Trex1 exonuclease degrades ssDNA to prevent chronic checkpoint activation and autoimmune disease.

Cancer Research UK London Research Institute, Clare Hall Laboratories, South Mimms, Hertfordshire EN6 3LD, UK.
Cell (Impact Factor: 33.12). 12/2007; 131(5):873-86. DOI: 10.1016/j.cell.2007.10.017
Source: PubMed

ABSTRACT Trex1 is the major 3' DNA exonuclease in mammalian cells, and mutations in the human TREX1 gene can cause Aicardi-Goutières syndrome, characterized by perturbed immunity. Similarly, Trex1(-/-) mice have an autoinflammatory phenotype; however, the mechanism of Trex1-deficient disease is unknown. We report that Trex1, ordinarily associated with the endoplasmic reticulum (ER), relocalizes to the S phase nucleus after gamma irradiation or hydroxyurea treatment. Notably, Trex1-deficient cells show defective G1/S transition and chronic ATM-dependent checkpoint activation, even in the absence of exogenous stress, correlating with persistent single-stranded DNA molecules produced in S phase, which accumulate in the ER. Our data indicate that Trex1 acts on a single-stranded DNA polynucleotide species generated from processing of aberrant replication intermediates to attenuate DNA damage checkpoint signaling and prevent pathological immune activation.

1 Bookmark
  • [Show abstract] [Hide abstract]
    ABSTRACT: Dysfunction in Ataxia-telangiectasia mutated (ATM), a central component of the DNA repair machinery, results in Ataxia Telangiectasia (AT), a cancer-prone disease with a variety of inflammatory manifestations. By analyzing AT patient samples and Atm(-/-) mice, we found that unrepaired DNA lesions induce type I interferons (IFNs), resulting in enhanced anti-viral and anti-bacterial responses in Atm(-/-) mice. Priming of the type I interferon system by DNA damage involved release of DNA into the cytoplasm where it activated the cytosolic DNA sensing STING-mediated pathway, which in turn enhanced responses to innate stimuli by activating the expression of Toll-like receptors, RIG-I-like receptors, cytoplasmic DNA sensors, and their downstream signaling partners. This study provides a potential explanation for the inflammatory phenotype of AT patients and establishes damaged DNA as a cell intrinsic danger signal that primes the innate immune system for a rapid and amplified response to microbial and environmental threats. Copyright © 2015 Elsevier Inc. All rights reserved.
    Immunity 02/2015; 42(2):332-43. DOI:10.1016/j.immuni.2015.01.012 · 19.75 Impact Factor
  • Source
    [Show abstract] [Hide abstract]
    ABSTRACT: Vpr is one of the most enigmatic viral auxiliary proteins of HIV. During the past twenty years, several activities have been ascribed to this viral protein, but one, its ability to mediate cell cycle arrest at the G2 to M transition has been the most extensively studied. Nonetheless, the genuine role of Vpr and its pathophysiological relevance in the viral life cycle have remained mysterious. Recent work by Laguette et al. (Cell 156:134-145, 2014) provides important insight into the molecular mechanism of Vpr-mediated G2 arrest. This study highlights for the first time how Vpr recruits the SLX4 endonuclease complex and how Vpr-induced inappropriate activation of this complex leads to G2 arrest. Here, we will discuss these findings in the light of previous work to show how they change the view of Vpr¿s mechanism of action. We will also discuss how these findings open new questions towards the understanding of the biological function of Vpr regarding innate immune sensing.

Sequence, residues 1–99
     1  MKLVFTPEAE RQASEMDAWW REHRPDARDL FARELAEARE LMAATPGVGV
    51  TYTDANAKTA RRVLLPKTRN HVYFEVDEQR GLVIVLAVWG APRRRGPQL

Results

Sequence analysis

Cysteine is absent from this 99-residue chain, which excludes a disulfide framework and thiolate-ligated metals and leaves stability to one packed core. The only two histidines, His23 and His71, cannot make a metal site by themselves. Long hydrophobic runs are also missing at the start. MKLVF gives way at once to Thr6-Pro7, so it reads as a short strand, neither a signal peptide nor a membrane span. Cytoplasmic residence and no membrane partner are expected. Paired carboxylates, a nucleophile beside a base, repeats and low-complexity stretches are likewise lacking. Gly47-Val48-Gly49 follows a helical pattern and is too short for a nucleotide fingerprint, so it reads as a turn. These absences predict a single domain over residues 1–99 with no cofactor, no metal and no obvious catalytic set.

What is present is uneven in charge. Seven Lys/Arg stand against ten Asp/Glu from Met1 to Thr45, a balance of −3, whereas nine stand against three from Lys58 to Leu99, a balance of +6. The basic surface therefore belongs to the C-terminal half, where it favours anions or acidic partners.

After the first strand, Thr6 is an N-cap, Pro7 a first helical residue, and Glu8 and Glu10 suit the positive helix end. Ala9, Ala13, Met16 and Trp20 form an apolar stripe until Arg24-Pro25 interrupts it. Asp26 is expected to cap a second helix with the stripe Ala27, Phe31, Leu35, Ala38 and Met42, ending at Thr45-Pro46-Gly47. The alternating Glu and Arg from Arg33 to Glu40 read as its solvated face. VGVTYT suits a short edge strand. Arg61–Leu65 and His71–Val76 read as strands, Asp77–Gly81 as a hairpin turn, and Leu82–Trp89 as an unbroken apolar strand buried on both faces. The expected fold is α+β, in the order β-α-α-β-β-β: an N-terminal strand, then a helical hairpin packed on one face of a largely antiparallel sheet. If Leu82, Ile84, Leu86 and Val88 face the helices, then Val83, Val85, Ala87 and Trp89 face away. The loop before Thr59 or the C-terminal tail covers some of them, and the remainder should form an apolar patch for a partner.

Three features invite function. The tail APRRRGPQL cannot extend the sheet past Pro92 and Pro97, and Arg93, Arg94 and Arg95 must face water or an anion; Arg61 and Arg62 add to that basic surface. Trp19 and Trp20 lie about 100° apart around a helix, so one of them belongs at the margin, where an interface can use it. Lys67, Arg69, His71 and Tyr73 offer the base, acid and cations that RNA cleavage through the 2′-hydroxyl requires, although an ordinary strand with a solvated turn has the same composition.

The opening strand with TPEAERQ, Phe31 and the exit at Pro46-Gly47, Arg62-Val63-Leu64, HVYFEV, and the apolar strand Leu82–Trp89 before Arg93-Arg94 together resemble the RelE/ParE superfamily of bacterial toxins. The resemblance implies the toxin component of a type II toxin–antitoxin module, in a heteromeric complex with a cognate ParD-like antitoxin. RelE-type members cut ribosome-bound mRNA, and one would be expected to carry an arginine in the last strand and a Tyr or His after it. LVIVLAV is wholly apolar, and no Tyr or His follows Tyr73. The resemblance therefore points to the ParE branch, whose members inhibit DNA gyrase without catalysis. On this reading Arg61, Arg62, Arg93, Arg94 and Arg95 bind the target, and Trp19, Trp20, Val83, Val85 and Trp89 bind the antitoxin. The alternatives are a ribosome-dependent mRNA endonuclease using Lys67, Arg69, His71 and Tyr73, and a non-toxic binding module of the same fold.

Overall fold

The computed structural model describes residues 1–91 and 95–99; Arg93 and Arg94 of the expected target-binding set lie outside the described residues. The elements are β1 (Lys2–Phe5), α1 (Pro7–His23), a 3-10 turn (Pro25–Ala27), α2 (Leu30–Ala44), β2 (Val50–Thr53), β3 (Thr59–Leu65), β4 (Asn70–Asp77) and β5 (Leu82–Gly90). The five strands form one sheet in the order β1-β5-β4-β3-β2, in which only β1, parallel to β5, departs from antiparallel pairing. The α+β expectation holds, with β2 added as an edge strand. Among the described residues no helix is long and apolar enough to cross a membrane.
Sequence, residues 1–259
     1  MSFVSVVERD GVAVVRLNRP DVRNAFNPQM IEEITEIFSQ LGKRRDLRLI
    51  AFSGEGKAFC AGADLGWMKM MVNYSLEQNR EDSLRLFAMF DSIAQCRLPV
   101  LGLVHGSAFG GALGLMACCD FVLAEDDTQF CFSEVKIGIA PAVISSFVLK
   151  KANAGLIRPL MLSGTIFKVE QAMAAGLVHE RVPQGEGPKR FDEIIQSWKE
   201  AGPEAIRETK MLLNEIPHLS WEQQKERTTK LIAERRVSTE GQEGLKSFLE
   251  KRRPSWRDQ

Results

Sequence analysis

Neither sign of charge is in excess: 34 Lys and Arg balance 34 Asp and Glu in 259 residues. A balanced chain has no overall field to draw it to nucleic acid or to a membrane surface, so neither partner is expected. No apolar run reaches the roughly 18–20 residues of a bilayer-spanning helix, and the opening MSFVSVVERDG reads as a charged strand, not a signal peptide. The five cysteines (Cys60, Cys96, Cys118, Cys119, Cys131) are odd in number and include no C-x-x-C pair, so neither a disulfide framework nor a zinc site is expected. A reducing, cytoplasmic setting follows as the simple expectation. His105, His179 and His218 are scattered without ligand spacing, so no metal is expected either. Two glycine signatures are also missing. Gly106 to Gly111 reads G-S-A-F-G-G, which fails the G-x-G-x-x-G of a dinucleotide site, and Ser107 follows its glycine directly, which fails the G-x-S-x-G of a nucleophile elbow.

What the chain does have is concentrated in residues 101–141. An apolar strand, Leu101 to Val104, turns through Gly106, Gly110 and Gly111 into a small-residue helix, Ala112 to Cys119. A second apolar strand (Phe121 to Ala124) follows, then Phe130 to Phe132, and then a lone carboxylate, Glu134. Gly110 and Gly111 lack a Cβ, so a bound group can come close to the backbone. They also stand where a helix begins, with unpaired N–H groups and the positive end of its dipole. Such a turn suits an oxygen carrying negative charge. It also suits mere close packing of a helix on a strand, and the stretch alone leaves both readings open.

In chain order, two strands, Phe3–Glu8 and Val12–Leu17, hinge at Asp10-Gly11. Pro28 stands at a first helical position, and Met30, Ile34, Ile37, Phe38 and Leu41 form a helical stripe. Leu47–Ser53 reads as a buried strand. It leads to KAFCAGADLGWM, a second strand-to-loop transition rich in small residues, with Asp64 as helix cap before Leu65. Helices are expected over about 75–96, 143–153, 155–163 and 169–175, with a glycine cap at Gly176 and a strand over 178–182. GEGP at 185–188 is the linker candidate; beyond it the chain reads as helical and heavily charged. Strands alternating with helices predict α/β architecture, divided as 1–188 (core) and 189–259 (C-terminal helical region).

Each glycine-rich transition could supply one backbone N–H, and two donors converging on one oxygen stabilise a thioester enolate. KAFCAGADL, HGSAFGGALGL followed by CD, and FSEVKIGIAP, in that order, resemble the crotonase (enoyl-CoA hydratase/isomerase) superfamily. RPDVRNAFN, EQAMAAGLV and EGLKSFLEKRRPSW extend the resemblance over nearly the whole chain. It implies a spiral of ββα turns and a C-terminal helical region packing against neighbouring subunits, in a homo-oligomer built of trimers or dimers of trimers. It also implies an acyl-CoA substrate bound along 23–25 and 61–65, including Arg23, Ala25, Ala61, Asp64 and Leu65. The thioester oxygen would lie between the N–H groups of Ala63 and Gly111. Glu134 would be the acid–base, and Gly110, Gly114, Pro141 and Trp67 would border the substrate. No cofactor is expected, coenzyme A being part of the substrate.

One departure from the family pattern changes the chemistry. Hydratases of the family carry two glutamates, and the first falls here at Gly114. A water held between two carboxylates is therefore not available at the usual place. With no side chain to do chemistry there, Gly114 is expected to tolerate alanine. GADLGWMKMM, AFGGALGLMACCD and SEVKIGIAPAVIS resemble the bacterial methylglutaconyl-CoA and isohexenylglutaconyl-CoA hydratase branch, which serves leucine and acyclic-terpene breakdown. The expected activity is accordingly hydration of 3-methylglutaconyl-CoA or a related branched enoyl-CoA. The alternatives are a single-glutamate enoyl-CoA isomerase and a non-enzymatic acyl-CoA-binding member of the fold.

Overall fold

Retrovirology 12/2014; 11(1):117. DOI:10.1186/PREACCEPT-2057766064124418 · 4.77 Impact Factor
  • Source
    [Show abstract] [Hide abstract]
    ABSTRACT: Aicardi-Goutières syndrome (AGS) is a monogenic inflammatory encephalopathy caused by mutations in TREX1, RNASEH2A, RNASEH2B, RNASEH2C, SAMHD1, ADAR1, or MDA5. Mutations in those genes affect normal RNA/DNA intracellular metabolism and detection, triggering an autoimmune response with an increase in cerebral IFN-α production by astrocytes. Microangiopathy and vascular disease also contribute to the neuropathology in AGS. In this study, we report that AGS gene silencing of TREX1, SAMHD1, RNASEH2A, and ADAR1 by short hairpin RNAs in human neural stem cell-derived astrocytes, human primary astrocytes, and brain-derived endothelial cells leads to an antiviral status of these cells compared with nontarget short hairpin RNA-treated cells. We observed a distinct activation of the IFN-stimulated gene signature with a substantial increase in the release of proinflammatory cytokines (IL-6) and chemokines (CXCL10 and CCL5). A differential impact of AGS gene silencing was noted; silencing TREX1 gave rise to the most dramatic in both cell types. Our findings fit well with the observation that patients carrying mutations in TREX1 experience an earlier onset and fatal outcome. We provide in the present study, to our knowledge for the first time, insight into how astrocytic and endothelial activation of antiviral status may differentially lead to cerebral pathology, suggesting a rational link between proinflammatory mediators and disease severity in AGS. Copyright © 2015 by The American Association of Immunologists, Inc.

Full-text (2 Sources)

Available from
May 22, 2014